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THE THIN BLUE SMOKE THREAD XII

martym

I Leave The Toilet Seat Up.
Contributor
Contributor
57° outside!
Listening to Intocable and Ramon Ayala
(Beer drinking music for the ranch but it works well for bbq’ing too.)

All is perfect for firing up the pit

Doing a whole boneless turkey breast
2 Dino Ribs
2 burger patties
5 pounds of mollejas (sweetbreads)
A 20lb brisket

We are preparing for the work week knowing that one or both of us will be forced to work at least 1 double shift this week and possibly 2.But that’s okay because that’s what we signed up for.

I almost pulled the trigger on a Wagyu brisket but $146 for a 20lb brisket was too much for me to comprehend so I bought the Prime brisket for 1/2 the price.
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We're moving to a place with a proper back yard soon (closing is late May), so I'm thinking of investing in a pellet grill...my girlfriend loves barbecue, but she keeps kosher, and the only kosher BBQ place we knew of (which was in New York, so we only could go like once a year anyways) closed down a while back, so she's been BBQ-less for quite a while.

Anyone have suggestions for good smoking recipes for a beginner? The one caveat is it has to be kosher, so no pork. If anyone has suggestions for recipes for beef ribs or chicken in particular, I'd be particularly interested. (I grew up in the South, so I miss my BBQ chicken, and my girlfriend really misses the beef ribs from that kosher BBQ place.)

I almost pulled the trigger on a Wagyu brisket but $146 for a 20lb brisket was too much for me to comprehend so I bought the Prime brisket for 1/2 the price.
$146 for a 20 pound brisket seems so cheap when you keep kosher. Kosher brisket is more like $20 a pound. (Admittedly, that's for a really nice, grass-fed brisket, but one way or another kosher meat is just crazy expensive.)
 

simon1

Self Ignored by Vista
Anyone have suggestions for good smoking recipes for a beginner? The one caveat is it has to be kosher, so no pork. If anyone has suggestions for recipes for beef ribs or chicken in particular, I'd be particularly interested. (I grew up in the South, so I miss my BBQ chicken, and my girlfriend really misses the beef ribs from that kosher BBQ place.)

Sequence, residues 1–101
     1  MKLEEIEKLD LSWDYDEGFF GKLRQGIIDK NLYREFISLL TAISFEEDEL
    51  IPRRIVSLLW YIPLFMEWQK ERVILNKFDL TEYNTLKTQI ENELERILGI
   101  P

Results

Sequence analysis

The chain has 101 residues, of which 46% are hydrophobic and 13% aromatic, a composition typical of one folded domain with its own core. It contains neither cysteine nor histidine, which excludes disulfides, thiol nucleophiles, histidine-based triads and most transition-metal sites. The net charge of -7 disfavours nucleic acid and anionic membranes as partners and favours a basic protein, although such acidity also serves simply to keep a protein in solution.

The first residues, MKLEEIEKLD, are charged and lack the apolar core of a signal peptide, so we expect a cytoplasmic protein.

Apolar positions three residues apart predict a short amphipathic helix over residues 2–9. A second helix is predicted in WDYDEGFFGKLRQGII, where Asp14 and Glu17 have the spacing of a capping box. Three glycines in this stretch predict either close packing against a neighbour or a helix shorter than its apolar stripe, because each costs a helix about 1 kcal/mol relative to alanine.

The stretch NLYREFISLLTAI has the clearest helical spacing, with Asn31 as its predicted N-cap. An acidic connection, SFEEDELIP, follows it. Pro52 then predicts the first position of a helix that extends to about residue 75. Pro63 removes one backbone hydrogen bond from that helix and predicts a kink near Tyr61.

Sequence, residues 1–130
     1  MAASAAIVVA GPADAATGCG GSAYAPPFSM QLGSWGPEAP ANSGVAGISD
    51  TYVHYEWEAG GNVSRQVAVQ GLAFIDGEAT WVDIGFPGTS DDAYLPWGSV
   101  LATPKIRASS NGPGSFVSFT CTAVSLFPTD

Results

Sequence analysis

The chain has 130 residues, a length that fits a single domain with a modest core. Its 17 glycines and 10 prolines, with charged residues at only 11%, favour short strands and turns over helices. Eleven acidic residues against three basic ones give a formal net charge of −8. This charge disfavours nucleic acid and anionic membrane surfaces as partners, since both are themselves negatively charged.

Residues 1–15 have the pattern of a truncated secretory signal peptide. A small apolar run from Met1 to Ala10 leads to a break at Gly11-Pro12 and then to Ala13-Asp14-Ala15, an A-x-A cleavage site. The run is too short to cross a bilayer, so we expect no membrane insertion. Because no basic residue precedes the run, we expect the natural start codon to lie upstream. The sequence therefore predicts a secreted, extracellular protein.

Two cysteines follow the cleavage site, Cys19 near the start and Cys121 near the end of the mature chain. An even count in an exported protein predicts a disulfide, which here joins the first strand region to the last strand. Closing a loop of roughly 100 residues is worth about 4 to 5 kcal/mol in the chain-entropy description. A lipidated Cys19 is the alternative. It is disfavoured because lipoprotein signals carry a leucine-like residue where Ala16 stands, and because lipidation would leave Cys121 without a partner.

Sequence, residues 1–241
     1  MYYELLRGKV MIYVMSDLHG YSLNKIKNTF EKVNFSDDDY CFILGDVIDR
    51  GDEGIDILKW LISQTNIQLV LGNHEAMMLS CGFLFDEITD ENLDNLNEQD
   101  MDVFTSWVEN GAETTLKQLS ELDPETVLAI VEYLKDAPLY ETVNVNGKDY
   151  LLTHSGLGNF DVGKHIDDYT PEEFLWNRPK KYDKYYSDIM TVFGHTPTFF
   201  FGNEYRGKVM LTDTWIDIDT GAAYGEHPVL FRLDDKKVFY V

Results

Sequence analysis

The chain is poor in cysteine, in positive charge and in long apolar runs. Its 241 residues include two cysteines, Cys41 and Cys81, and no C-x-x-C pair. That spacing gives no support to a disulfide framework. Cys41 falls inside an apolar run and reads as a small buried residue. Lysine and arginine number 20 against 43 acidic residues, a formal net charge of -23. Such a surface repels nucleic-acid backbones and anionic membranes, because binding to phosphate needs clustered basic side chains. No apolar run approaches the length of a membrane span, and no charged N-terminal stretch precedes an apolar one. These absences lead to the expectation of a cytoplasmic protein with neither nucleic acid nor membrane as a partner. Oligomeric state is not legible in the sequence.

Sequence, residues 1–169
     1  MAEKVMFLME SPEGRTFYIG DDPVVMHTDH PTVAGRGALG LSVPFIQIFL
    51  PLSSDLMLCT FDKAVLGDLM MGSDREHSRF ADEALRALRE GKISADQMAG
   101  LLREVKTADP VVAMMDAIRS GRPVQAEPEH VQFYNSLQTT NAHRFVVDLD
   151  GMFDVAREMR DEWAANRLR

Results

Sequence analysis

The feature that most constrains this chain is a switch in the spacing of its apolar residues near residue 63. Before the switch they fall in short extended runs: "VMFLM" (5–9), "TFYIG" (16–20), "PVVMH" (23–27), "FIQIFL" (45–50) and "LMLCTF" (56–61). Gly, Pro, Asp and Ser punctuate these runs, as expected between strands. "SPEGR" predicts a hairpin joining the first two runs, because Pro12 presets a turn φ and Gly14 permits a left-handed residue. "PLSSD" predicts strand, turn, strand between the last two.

You should be over run with suggestions after awhile. I usually do beef ribs by removing the membrane, shaking a good layer of kosher salt, pepper, garlic powder, and a bit of paprika on the meat. Then throw in the smoker until done. Beef ribs take longer than pork ribs. I never sauce ribs or anything else while they are smoking...I let the wood do the flavoring. Ribs are easy.

Something like this.


Chicken is also easy. Just season with the rub of your choice and smoke for about 1-1 1/2 hours at 225.

 

martym

I Leave The Toilet Seat Up.
Contributor
Contributor
For steaks I just use salt and pepper.
For everything else I use either Season All or nothing at all.
 

TexLaw

Fussy Evil Genius
Contributor
Anyone have suggestions for good smoking recipes for a beginner? The one caveat is it has to be kosher, so no pork. If anyone has suggestions for recipes for beef ribs or chicken in particular, I'd be particularly interested. (I grew up in the South, so I miss my BBQ chicken, and my girlfriend really misses the beef ribs from that kosher BBQ place.)
That beef ribs recipe that @simon1 posted looks pretty good!

For chicken, I like to brine it and smoke it hot. I'll buy whole chickens, pull off the skin, and break them down into quarters (sometimes also halving the breasts), and brine overnight (my favorite brine is Alton Brown's orange juice brine--below). Then, I smoke them hot (around 350F) until the breasts are 163F internal (carryover should take care of the rest. The thighs and legs should be done properly by that time, as well). That always comes out nice and juicy. The orange juice brine is a bit of trouble, but it really adds a nice, subtle flavor. You can do the same thing with whole chickens (or a whole turkey or turkey parts). I brine them either in gallon-sized Ziploc baggies or a food grade plastic bucket.